Thomas Edsall thinks he’s saying something new — but it’s nothing more than a return to a tired liberal argument about the right.
The Age of
Scarcity Will Remake American
By Thomas Byrne Edsall
(Doubleday, 256 pages, $24.95)
Thomas Edsall’s new book on the coming “age of austerity” is an example of why it will not be a moment too soon for the Boomers and their MSM mandarins to leave the scene.
The book purports to explain what is happening in American politics in a time of narrowed expectations and reduced resources. The economic dislocations of the past four years have impacted both the abilities of government and the expectations of the governed. This has caused our political life to begin fracturing along class-based lines rarely seen in American politics.
Edsall, who was long at the Washington Post and who now has a column at the New York Times online, believes he has discovered the key to the political dimension of this global economic and financial meltdown. According to Edsall, these stresses have caused polarization in the electorate we are told, and the rupturing of the “broad, tacit compromise” that “required a growing economy to fund an array of social programs while keeping taxes relatively low in order to moderate hostilities in a politically charged resource war.”
The future in this new age will be “brutish,” but when Edsall gets down to details, it seems the Republicans have all the brutishness and the liberals, not so much. The financial crisis is an opportunity for both parties to use “fear,” for Edsall, but the left is at a disadvantage because its “natural spirit of generosity” — presumably, with other people’s money — is hampered, while the Republicans’ bottomless greed can proceed unabated. Even the Democrats’ moderation is turned against them, for their “willingness to compromise” has made the Republican even more grasping in their demands.
But we have heard all this before. Substitute Reagan for current Republican leadership, say, or evangelicals for the Tea Party, and we could be back in the 1980s. The story, for people of Edsall’s age and background, must always be the same. In a time of scarcity and economic stress, the Democrats try to preserve the safety net, and even (prudently, of course) to expand it, while various right-wingers want to hold onto their money a little longer (as well as, presumably, their guns and religion, an emendation to the old formula by the current President). What Edsall does not address is whether the Republicans have a point. If the economy is shrinking and social services must be cut, why is it extremism to say so and tolerance to ignore it? Insofar as there was a social compact in the nation that supported the welfare state at the national level - and there are good argument why there should be — for many Americans, the policies of the last three decades have eroded the trust needed to sustain such a compact.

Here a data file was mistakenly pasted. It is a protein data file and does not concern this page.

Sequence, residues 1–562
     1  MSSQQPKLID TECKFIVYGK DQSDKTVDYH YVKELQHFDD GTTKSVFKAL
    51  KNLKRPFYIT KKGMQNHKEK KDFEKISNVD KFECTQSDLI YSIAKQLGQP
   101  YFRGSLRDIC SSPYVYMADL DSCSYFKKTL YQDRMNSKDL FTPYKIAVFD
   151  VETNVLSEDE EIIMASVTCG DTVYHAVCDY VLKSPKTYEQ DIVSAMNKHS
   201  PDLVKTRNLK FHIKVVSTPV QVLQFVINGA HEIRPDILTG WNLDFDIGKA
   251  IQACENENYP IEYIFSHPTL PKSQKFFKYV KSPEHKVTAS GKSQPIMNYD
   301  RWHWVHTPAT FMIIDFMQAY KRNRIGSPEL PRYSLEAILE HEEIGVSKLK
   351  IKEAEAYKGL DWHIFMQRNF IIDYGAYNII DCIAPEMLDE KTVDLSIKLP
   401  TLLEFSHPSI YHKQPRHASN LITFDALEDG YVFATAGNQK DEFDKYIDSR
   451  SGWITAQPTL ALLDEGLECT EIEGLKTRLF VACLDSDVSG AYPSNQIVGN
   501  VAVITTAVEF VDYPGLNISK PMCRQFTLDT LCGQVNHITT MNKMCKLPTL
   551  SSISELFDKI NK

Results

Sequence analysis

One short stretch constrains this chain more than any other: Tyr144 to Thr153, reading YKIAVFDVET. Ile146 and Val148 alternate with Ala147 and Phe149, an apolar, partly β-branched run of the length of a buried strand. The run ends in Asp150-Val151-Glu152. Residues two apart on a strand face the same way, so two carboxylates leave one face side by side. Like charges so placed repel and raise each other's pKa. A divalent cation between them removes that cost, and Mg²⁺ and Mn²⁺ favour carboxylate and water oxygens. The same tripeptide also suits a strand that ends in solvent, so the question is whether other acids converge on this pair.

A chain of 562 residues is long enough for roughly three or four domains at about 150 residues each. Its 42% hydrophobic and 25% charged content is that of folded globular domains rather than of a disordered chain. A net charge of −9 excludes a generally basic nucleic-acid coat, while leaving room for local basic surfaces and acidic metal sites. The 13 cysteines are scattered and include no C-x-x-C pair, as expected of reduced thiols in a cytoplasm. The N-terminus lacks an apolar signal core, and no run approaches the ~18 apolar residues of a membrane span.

Edsall recognizes the threat but then mostly fails to address its causes, preferring to condemn its symptoms, such as large-scale distrust by middle-class Americans who want the government to look out for them as citizens rather than seeing them as alternatively taxpayers or consumers. There is even a chapter on busing in a North Carolina school district, which Edsall uses as a commentary on the alleged racism of the Tea Party, the high costs and problems of the program notwithstanding. (The false accusations of racist epithets made by the Tea Party here go unmentioned.) Nor does Edsall acknowledge the rift between what different minority groups want, and how this might affect the notion of a social consensus or the requirements of a welfare state.
Edsall’s story arc, for most Americans, does not work anymore. At most, his book is a sign of how far politics has changed such that even long-term observers miss the clear signs of change; at worst, Edsall offers little more than an in-tribe call to arms for his fellow members of the elite media. Nelson Rockefeller (!) gets a mention in book’s index but Angelo Mozilo, the head of Countrywide mortgage whose lackadaisical lending policies brought down the company, does not. Nor do Fannie Mae or Freddie Mac, the “GSEs” whose insatiable demand for mortgages played a major role in the crisis. And although the Tea Party comes in for a drubbing, the candidacy of and movement around Ron Paul gets no mention.
Edsall states flatly that the economic problems are not caused by public policy or “market failure,” but by global competition. This is, largely, nonsense. The financial industry is highly regulated in every modern nation, and those regulations reflect policy choices with real world effects. And Edsall completely ignores the public policies of easy credit and freely available mortgages, which went hand in hand with lavish government spending at all levels that can no longer be sustained.
The country is indeed passing through a time of transition, which will include greater austerity measures. Edsall does corral some useful statistics and notes that austerity is being taken by both parties as a club to punish the other side and as a call for their own solutions, and he does provide another example of the dysfunction in Washington. What is needed is new thinking about politics and our national political future, but on this score, The Age of Austerity is just more of the same.
A man of faith in a godless age is hitting Americans where it hurts.
Mr. and Mrs. American Spectator Reader, let P.J. O’Rourke talk sense to your kids.
In Britain, defending your property can get you life.
It won’t take long for conservatives to scratch this presidential wannabe off their 2008 scorecard.
Was the President done in by the economy, or by the politics of the economy?